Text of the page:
I live by the “we are only as good as the last plate we put out” philosophy. I had my first kitchen Brigade in 1988 and awards we’re great recognition. I have piled them up but I am not interested in awards now. I approach what we do as… we are servants and we provide healthy local dishes to very important people… Our Members. The James Beard award was a big one and I always say it’s like winning the Stanley Cup of culinary. The recognition I receive now is through the industry With LinkedIn and I do a lot of charity events to give back and help others.

Your creative approach- of incorporating the style and cooking techniques of old world cuisine into that which is new: “I let the food speak for itself; I don’t overwork it but put little twists on things, like my smoked salmon cheesecake.” Do you have some more examples?
I may be very humble now so I call my food “Inn cuisine”. I purchase Everything within 100 miles so it makes our operation very seasonal and you can find many examples on We have a 1 acre farm, six beehives and a great network of farms and fisherman around me.

You have so many experiences in Canada and the US. Are American chefs different from the ones in Canada?
I was up in Toronto a few summers ago and I was impressed with Rattlesnake country club and their brigade so it really has to do with who is the chef. I think North America is different in the different regions but cuisine‘s are up to the Chef. Here in the USA our work force has been the same for 20 years and I’ve worked in the NE, SE and NW.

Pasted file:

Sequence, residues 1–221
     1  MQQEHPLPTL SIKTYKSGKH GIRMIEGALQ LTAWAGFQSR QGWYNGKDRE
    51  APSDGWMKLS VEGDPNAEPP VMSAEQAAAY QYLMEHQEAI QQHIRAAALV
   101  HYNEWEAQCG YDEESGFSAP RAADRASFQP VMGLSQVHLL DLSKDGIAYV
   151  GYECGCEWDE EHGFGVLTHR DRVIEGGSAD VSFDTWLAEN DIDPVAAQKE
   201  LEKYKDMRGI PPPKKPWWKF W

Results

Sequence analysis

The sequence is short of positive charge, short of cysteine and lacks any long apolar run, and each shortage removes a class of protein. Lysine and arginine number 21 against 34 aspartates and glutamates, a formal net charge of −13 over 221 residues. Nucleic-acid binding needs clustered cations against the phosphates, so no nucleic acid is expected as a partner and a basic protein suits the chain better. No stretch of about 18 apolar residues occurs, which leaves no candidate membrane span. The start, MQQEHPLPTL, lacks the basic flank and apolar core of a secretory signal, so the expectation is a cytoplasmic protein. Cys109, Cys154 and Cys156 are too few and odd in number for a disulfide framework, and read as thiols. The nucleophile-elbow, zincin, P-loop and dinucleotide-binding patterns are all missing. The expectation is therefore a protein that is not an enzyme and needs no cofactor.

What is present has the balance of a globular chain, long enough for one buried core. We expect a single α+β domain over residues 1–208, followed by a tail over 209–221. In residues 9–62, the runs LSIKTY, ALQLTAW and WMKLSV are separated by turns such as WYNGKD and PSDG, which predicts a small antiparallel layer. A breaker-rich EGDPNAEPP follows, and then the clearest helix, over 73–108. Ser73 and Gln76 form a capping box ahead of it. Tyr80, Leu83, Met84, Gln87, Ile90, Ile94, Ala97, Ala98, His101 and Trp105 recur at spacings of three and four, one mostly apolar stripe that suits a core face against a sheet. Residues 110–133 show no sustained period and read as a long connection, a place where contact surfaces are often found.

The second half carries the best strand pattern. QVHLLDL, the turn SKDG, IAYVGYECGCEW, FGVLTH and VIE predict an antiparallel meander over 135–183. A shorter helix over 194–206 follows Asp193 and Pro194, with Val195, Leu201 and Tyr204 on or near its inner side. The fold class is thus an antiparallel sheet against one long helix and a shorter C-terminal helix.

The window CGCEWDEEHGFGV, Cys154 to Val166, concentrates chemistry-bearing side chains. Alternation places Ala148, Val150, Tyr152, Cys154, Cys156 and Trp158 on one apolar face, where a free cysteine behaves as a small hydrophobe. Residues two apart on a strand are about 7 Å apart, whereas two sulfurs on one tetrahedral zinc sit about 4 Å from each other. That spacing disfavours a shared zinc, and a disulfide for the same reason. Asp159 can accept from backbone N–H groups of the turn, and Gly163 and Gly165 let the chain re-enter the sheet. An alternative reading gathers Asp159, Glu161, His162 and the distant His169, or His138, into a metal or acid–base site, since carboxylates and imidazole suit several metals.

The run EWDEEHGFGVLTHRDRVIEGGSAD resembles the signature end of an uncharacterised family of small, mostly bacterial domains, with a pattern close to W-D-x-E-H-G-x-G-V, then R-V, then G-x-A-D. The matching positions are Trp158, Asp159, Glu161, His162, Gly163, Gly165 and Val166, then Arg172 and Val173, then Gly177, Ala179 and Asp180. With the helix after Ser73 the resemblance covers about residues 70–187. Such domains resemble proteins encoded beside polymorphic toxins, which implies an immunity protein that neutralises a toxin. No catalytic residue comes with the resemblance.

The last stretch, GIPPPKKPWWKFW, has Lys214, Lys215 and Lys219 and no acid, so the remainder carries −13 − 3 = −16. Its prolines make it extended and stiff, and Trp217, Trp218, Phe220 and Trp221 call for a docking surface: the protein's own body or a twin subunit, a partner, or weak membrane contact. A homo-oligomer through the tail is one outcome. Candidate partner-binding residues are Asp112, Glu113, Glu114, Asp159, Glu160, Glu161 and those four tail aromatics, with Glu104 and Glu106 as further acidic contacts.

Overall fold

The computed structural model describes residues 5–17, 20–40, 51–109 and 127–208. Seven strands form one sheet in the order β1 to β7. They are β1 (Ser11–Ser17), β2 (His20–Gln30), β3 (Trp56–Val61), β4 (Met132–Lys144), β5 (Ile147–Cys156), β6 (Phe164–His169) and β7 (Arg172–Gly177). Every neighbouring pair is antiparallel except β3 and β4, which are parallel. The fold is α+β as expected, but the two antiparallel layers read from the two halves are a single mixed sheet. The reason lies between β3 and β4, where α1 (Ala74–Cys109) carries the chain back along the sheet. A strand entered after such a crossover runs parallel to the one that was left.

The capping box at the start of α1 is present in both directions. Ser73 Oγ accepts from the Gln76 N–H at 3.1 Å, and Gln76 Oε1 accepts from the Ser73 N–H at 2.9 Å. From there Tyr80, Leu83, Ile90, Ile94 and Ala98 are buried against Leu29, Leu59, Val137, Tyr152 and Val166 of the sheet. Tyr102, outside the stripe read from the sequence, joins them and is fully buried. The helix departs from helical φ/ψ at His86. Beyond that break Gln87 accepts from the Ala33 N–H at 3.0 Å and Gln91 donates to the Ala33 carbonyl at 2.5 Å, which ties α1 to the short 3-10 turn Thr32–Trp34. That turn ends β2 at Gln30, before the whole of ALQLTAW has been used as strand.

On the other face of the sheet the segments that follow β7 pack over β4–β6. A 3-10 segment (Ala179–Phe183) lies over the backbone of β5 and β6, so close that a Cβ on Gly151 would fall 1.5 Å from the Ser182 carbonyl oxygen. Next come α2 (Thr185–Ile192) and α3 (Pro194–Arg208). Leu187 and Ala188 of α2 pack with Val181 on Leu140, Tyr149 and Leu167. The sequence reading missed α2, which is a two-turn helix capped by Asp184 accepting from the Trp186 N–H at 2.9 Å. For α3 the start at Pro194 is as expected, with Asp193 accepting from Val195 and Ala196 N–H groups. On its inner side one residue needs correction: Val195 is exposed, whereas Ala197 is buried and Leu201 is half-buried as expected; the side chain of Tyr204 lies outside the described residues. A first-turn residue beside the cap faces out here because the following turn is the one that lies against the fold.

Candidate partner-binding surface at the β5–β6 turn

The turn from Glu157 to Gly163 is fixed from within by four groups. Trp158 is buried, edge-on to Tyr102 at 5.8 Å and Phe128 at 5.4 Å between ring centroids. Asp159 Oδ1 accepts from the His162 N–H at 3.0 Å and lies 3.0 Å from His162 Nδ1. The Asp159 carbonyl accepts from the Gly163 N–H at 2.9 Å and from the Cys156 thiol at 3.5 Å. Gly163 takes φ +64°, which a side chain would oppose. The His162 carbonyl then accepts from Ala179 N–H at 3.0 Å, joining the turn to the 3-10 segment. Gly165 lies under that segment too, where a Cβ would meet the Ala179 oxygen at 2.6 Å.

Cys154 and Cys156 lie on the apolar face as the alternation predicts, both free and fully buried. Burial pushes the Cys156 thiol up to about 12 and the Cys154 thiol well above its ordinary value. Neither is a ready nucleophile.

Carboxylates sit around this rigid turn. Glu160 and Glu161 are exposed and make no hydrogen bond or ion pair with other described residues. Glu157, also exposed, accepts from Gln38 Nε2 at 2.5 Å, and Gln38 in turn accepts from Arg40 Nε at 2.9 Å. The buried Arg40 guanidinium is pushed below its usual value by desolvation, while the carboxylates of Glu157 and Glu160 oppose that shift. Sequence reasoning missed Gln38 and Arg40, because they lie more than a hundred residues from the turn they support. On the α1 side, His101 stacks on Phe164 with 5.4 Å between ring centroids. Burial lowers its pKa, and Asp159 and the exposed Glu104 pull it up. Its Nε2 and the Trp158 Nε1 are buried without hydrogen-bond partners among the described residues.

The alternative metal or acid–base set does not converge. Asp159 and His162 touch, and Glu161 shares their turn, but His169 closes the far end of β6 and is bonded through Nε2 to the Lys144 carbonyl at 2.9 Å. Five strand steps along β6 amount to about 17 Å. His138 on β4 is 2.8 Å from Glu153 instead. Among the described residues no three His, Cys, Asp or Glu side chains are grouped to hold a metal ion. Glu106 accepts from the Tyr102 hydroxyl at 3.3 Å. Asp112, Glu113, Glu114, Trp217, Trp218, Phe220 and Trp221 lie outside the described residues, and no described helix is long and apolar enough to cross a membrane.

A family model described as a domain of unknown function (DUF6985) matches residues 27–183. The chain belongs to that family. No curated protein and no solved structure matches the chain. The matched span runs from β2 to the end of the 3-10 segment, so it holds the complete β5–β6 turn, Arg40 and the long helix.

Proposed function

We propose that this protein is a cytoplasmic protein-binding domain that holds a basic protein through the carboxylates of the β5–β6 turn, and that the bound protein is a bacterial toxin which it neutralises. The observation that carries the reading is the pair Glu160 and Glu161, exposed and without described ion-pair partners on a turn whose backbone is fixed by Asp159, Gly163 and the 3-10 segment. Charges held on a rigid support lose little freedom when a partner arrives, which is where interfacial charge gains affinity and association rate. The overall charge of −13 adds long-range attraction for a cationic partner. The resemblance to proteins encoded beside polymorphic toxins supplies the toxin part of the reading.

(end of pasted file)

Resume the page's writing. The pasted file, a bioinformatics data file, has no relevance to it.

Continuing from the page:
America is a melting pot of so many different nations and food. How would you define the todays fine American dining?
It’s a bit intimidating and as I was classically trained many of the new trends are hard to understand. I appreciate all cuisine’s like I do all music it’s just I have a problem with a tasting menu that is $400 a person and you are hungry at the end. LOL. My philosophy on food is “to under promise and over deliver” and I don’t want my clientele to be hungry or even to be overly full. The dining experience for me is still very special time for my guests and for my members so I embrace it from start to finish.

American Chef associations. Can you tell us how many of them you have and which are the largest ones?
I’m sure there are many but I’ve been with the ACF which is the American Culinary Federation. I’ve been a member on and off for 25 years.

Local, regional, bio…. have been the big trends. What are currently the latest trends among the American Chef?
I’ve stuck to the farm to table approach since 1990 here in the Washington DC metro. I have my reputation for being local and for providing highly seasonal menus. Washington DC has really grown and has become very diverse and a great town to eat in. We have everything here. Street food is very popular, tasting menus are popular but there’s over 12,000 F&B operations and quality is sometimes hard to find.

You as an American Chef, have you ever thought about to open your own restaurants; and if so, where would it be and with which specialisation?

I will eventually open my own place here in the DC metro or on the Chesapeake Bay. I will have an INN with a great restaurant. You will be able to sit with me and talk while we provide great food to our guests. So please connect with me on LinkedIn or follow me on my Chef Duane Keller Facebook page and I look forward to seeing you soon.

Thank you Duane. You can find more of him here and here.